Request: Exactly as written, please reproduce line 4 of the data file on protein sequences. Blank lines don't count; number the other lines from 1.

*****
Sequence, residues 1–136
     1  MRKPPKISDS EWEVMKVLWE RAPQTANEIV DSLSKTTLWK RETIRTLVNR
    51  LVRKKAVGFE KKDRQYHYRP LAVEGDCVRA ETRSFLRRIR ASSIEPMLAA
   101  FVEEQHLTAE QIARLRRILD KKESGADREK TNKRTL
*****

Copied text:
   101  FVEEQHLTAE QIARLRRILD KKESGADREK TNKRTL